Introduce yourself by sharing your name according to your maternal line.
by Stosh Cotler
I had danced for D before- a leather butch who came into my club with her old school, high femme wife and their entourage. That particular night, the Saturday before Passover, I sat with their crew after my table dance for D, and was shocked when D’s lover started talking about Seder arrangements. Immediately, I outed myself as a Jew, which caused a huge burst of excitement at the table- imagine the odds, not only of randomly running into other Jews in a goyim-dominated city like Portland, but of meeting freaky Jews at a sex club. It was beautiful. I was invited to their Seder, and I accepted.
A few days later I wasn’t so sure about my decision. A Seder, after so many years of no Seders and few Jewish celebrations, what was I thinking? And with total strangers? I called my dad. “ Dad, there was a bunch of leather dykes who came into my club last weekend and invited me to their Seder. What should I do!?” And his response “ Of course you have to go! How could you not go? Go already!”
Wavering about my decision until the very last moment, I arrived at D’s house feeling nervous and little sorry I had taken his advice. I approached the door and saw the mezuzah, along side the rainbow flags and pink triangle stickers. I walked in and was greeted by the requisite cache of dogs, and then when I looked up I was surrounded by a surreal combination of 40’s –something, primarily white, butch-femme couples with a handful of dazzling leather daddy’s and Lavender Lesbians thrown in the mix.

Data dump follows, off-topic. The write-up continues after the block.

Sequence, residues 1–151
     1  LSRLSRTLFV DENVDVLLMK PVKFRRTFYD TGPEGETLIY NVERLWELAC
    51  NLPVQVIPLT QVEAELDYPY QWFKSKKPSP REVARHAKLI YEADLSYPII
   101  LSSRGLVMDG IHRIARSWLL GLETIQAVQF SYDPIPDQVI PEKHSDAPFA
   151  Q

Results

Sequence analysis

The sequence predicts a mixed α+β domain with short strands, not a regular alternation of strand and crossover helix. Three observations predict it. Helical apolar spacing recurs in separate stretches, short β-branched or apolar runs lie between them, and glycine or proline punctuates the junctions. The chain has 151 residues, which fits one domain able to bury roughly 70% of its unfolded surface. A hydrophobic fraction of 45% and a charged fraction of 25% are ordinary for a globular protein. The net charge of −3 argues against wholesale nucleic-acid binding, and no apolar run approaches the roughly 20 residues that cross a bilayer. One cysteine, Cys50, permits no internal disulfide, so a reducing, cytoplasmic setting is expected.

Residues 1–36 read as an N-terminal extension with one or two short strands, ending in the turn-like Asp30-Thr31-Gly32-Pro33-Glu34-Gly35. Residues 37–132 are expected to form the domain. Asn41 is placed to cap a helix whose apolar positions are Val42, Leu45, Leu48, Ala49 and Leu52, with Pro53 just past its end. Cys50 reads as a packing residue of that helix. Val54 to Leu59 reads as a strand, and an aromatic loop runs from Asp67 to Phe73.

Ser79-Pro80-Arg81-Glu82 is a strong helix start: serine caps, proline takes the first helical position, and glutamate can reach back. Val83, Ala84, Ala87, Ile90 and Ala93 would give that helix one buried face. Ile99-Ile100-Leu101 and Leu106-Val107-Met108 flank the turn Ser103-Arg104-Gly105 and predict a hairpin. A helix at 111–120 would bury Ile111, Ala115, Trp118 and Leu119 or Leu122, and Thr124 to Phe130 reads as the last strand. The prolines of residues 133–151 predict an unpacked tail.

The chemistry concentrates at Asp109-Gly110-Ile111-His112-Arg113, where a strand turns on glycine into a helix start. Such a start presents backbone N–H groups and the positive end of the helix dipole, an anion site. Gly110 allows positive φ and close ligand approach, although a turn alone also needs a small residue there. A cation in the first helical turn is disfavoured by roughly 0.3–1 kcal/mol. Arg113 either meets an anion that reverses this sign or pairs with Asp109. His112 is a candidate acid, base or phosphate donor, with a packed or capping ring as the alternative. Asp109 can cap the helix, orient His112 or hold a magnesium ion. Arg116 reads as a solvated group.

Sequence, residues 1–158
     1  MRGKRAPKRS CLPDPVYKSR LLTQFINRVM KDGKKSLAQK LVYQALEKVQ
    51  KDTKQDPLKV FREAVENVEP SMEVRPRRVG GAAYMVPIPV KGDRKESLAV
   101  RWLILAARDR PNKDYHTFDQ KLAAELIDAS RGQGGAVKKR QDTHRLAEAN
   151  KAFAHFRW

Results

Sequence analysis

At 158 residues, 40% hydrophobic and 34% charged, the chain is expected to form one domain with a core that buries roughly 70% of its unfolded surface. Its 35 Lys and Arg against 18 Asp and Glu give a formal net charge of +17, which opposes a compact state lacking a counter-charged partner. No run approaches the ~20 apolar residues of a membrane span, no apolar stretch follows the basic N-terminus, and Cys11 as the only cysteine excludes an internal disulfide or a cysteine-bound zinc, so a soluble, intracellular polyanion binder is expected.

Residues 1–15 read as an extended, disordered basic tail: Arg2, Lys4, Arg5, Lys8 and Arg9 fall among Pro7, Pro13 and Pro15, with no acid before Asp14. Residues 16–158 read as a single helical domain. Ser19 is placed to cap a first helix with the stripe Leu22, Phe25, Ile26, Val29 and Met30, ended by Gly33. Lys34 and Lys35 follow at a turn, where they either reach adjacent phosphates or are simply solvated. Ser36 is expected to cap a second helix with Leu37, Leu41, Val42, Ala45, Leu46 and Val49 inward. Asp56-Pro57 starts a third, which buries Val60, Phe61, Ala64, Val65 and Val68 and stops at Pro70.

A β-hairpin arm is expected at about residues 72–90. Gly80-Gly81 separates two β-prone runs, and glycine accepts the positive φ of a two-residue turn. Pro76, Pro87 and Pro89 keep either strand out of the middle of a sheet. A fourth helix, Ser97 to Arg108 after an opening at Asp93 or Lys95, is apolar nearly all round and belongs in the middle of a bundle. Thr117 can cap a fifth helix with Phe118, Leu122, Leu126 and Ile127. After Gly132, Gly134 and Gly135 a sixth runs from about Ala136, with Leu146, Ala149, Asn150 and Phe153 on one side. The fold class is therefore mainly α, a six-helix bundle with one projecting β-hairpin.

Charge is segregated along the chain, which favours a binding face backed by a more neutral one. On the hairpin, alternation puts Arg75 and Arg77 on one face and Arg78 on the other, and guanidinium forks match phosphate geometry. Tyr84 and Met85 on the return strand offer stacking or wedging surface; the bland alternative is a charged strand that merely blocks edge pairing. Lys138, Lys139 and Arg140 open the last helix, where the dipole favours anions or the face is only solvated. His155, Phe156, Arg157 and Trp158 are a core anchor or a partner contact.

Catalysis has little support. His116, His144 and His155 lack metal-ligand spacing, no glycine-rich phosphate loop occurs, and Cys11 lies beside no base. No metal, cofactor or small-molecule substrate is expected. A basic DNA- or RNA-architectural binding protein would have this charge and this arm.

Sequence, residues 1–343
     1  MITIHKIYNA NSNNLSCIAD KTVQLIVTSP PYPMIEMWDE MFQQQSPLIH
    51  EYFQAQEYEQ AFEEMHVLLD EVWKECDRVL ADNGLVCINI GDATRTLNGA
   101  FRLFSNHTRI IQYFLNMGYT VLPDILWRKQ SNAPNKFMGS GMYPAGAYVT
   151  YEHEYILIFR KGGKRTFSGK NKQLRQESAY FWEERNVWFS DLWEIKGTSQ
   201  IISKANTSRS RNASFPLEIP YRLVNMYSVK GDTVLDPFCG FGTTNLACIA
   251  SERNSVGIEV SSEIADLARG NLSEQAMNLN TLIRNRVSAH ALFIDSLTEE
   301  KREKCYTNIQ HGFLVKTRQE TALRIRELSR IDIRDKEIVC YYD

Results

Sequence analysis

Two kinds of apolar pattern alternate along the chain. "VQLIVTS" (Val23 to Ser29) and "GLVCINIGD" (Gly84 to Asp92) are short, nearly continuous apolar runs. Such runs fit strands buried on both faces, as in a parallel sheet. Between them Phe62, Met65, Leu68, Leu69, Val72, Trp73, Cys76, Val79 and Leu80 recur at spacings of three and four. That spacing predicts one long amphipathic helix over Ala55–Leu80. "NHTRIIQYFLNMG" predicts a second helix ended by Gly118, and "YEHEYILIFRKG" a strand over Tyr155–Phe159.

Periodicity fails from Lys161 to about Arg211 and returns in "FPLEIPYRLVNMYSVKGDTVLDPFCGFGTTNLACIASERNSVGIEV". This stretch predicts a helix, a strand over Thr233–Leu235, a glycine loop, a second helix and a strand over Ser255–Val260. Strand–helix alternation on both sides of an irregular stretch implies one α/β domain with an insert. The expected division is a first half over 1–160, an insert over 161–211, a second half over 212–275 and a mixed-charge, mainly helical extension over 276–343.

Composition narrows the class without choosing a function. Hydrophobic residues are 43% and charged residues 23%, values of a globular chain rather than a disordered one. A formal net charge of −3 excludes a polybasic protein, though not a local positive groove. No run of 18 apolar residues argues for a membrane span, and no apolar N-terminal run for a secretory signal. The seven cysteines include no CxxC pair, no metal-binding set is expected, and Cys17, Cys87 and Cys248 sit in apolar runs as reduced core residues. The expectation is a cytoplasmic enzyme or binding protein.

I was introduced to everyone and took my seat with the others. We began the evening reading from the hand-made haggadah prepared for the seder, written specifically because so many of these people had been invisibilized, marginalized, traumatized or otherwise neglected by their mainstream Jewish upbringing. As we experienced the meal together, I think I was in shock- it had never occurred to me that Judaism could be contemporary, that my childhood religion and culture could have any relevance in my adult life, or that I could possibly bring my whole self to the table- without having to make excuses or justifications for who I am. It had never occurred to me that being Jewish was a revolutionary spiritual and political path to personal and community liberation.